Bürkert develop sanitary control valves, inside and out
Hygienic fluid control applications require the highest standards of cleanliness, both for components directly in contact with the process medium and external surfaces. Meeting these strict requirements takes expert design, innovative manufacturing and extensive knowledge. With that in mind, PIF caught up with Ian Webster, Field Segment Manager, Hygienic Processing pharmaceutical at Bürkert Fluid Control Systems, to find out how they’re developing sanitary valves, inside and out.
CIP and SIP cleaning procedures
Process control systems that operate in hygienic environments are subject to extensive levels of regulation and certification, as well as regular audits to ensure continued compliance. In order to meet both current and some future regulatory demands, companies are well advised to carefully plan any new installations but also review more recent innovations that can be implemented on an existing manufacturing process.
Many hygienic processes will use a cleaning procedure, either clean-in-place (CIP) or steam-in-place (SIP), to maintain hygienic conditions within the process pipework and control valves. These processes can be largely automated and, providing the system has been correctly designed, very effective in disinfecting and cleaning process lines. However, the effectiveness of these systems is also reliant on valve design which should minimise internal volumes and avoid dead flow zones, which can hamper the cleaning process.
Electro-polished stainless steel valves
The excellent strength and cleanability of stainless steel makes it the material of choice for the vast majority of vessels, pipework and valves but achieving a high standard of cleanliness involves some refinement of the raw material. Some valves, such as Bürkert’s ROBOLUX design, use a system of electro-polishing, which involves the removal of 30 µm of metal from the media contact surface with a special electrolyte, under the effect of DC current. The material is removed without mechanical, thermal and chemical influences. As a result, the surface becomes smooth and shiny in the micro range; possible damaged outer layers are removed, and the properties of the pure stainless steel can be utilised.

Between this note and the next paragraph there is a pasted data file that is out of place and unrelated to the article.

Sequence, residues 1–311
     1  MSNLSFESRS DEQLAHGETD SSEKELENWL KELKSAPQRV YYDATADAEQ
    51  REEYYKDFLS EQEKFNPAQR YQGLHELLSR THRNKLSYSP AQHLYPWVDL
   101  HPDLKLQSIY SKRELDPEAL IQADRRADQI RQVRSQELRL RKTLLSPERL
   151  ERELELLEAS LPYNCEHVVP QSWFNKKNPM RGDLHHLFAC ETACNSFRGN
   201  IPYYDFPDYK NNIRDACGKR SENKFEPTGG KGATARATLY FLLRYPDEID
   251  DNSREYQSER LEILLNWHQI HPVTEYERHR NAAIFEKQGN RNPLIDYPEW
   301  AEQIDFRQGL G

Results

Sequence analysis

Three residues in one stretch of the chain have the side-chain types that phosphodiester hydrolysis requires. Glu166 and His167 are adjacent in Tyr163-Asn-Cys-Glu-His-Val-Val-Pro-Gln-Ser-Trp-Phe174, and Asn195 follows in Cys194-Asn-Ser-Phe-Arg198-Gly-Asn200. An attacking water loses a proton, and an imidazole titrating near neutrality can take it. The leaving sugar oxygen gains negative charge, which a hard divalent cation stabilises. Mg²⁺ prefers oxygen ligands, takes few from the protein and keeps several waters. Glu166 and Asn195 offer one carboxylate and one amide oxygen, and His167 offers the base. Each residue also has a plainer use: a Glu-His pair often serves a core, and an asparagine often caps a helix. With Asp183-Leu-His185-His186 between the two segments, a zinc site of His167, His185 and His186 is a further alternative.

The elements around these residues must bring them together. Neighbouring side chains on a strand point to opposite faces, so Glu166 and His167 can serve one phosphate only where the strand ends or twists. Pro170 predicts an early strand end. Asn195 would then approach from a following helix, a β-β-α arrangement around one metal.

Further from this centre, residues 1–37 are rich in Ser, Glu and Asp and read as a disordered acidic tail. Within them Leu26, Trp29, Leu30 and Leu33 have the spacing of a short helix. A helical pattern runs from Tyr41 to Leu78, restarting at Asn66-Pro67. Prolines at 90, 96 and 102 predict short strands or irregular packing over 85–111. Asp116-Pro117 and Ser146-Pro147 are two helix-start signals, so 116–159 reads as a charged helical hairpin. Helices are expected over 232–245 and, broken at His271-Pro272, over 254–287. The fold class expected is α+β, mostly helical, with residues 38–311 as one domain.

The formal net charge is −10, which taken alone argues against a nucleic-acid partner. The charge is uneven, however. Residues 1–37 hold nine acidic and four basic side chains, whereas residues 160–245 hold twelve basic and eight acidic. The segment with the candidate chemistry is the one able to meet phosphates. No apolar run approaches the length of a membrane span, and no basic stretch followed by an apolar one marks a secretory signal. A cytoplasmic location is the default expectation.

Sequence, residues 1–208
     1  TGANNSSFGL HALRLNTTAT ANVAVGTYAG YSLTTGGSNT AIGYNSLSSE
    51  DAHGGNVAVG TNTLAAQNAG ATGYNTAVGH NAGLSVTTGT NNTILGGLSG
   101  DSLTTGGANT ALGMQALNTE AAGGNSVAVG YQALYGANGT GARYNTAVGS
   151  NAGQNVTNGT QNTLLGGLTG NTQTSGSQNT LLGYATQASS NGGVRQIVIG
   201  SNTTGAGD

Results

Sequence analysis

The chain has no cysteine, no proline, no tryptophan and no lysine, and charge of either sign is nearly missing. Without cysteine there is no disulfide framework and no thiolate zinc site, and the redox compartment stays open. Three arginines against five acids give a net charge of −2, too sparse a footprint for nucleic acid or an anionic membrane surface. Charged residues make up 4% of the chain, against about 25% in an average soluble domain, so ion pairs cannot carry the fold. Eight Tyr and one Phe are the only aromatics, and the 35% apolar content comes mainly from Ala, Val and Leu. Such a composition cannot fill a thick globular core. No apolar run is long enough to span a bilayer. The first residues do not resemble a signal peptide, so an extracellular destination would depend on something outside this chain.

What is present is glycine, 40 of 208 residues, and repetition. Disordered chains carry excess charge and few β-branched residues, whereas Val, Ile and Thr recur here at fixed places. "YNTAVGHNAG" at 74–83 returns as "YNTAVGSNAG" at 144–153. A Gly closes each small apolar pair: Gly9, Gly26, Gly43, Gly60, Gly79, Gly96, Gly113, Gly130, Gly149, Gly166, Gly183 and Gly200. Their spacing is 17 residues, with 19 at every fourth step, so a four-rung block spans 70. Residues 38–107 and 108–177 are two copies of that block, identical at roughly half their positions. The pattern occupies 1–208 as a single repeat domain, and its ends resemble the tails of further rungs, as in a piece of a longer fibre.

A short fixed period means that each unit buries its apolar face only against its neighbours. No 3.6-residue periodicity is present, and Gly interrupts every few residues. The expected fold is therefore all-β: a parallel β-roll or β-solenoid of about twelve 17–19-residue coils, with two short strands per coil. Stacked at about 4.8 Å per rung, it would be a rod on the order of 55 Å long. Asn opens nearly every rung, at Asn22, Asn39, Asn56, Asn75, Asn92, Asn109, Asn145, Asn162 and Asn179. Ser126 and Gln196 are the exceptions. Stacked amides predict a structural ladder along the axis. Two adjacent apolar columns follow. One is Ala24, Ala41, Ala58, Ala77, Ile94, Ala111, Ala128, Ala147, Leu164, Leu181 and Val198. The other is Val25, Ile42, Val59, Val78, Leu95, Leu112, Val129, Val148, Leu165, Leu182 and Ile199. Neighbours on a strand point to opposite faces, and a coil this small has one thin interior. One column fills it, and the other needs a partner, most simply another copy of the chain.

In the past, the polishing process may have been completed by hand using small electric polishing wheels, which can be rather labour intensive and time consuming. This process is now automated and can also involve the use of an abrasive paste that is repeatedly pumped through the valve body in order to achieve a surface finish of less than 0.4 µm. This produces a very uniform surface which is then electro-polished to give a near mirror finish for all areas that come into contact with the process media. Using these processes, it is possible to produce extremely smooth surfaces, even in complex valve arrangements, and this enables the CIP or SIP process to be effective.
Riboflavin testing rig provides 100% reliability and cleanability
In hygienic applications where CIP/SIP are operated, it is essential to be able to ensure the cleaning cycle is both effective and efficient. In situations where larger scale process equipment is being installed there will almost certainly be a factory acceptance test, part of which must demonstrate and document the effectiveness of the cleaning process. Bürkert is able to test cleaning cycles and provide 100% reliability on the flow properties and cleanability of a complete valve system by using a riboflavin testing rig. As one of the few manufacturers of fittings and valve interfaces in the world that owns and operates such a test rig, Bürkert ensures that the effectiveness and efficiency of each design is proven.
Hygienic external equipment also critical
While the internals of a fluid control system are very important, the external equipment must also meet a number of demanding criteria in order to be deemed suitable for operation in hygienic applications. Valve positioners/controllers, sensors and control cabinets all play a role in the control system and, as such, need to be suitably protected against corrosion and cleaning processes.
Once again stainless steel is a dominant material, but this needs to be coupled with sound engineering design that minimises contamination of the local environment and can withstand regular cleaning processes that may involve high pressure water jets and cleaning chemicals. IP ratings, which indicate the level of protection against both solids and liquids, provide an independent assessment for each component, with IP66 and 67 being well suited to environments where regular cleaning takes place.
For more information, please visit www.burkert.co.uk.
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